2020 has been an interesting year to say the least.
What was on track (or projected to be) a record growth year for many companies, especially new or emerging food and beverage brands, in fact turned out to be a year of lessons learned. Despite the COVID-19 pandemic, the supply chain has shown resiliency for many companies and ultimately consumers.
While the events of this past year weren't predicted by anyone, it certainly makes planning for 2021 a bit challenging given the fact that many are still feeling the effects of the pandemic among other factors.
Here are a few areas where we see a focus on trends in the supply chain for 2021:
1. More consumers will continue to shop online; be prepared for an increased demand on your e-commerce operations. E-commerce is expected to reach $795 billion this year or a 32% increase over last year. Amazon sellers sold over a billion packages this holiday season. Demand for warehouse space continues to increase due to e-commerce growth. As the demands on e-commerce continue to increase, so too will the need for brands to be prepared with a scalable strategy for growth. Partnering with a third-party logistics provider (3PL) can help you do this efficiently and effectively as your brand requires it.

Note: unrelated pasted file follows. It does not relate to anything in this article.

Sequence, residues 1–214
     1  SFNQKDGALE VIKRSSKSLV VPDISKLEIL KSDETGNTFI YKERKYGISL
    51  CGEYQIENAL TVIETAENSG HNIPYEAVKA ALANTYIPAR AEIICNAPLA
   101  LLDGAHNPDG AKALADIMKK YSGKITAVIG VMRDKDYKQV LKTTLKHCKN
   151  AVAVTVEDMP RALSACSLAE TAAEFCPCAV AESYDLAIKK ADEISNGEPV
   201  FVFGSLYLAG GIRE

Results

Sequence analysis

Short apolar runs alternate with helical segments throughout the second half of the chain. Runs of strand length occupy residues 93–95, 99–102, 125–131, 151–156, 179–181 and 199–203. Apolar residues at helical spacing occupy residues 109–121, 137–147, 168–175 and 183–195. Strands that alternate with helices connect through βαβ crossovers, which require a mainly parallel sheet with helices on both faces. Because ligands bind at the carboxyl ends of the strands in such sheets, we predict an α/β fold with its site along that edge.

2. If your brand ships direct-to-consumer, expect to see changes with small parcel shipment programs. FedEx recently announced that peak surcharges are expected to continue until after the first of the year. The USPS announced recent rate hikes as well for 2021. Shipments may also be delayed due to increase in e-commerce demands until after the first of the year. With these changes in delivery time and cost, anticipate carriers implementing changes to their parcel programs. A 3PL can help take the guesswork out of figuring out the best small parcel shipping program for your brand and maximize your spend at the same time.
3. Look for blockchain technologies to play a role in the food supply chain. Traceability and transparency in the food supply chain remains top of mind for many brands as food safety remains paramount for consumers, especially in a pandemic environment. Emerging blockchain technologies will continue to play an increased role in the food and beverage industry as government and consumer demand for transparency in the supply chain increases. Blockchain technologies can help when it comes to food safety recalls and provide better visibility of food origin and processing sources.
While these are ongoing issues for the supply chain not only internationally but domestically, they serve as an important reminder to ensure that you're engaged with the right partner, such as a 3PL, to optimize your supply chain decisions and spend.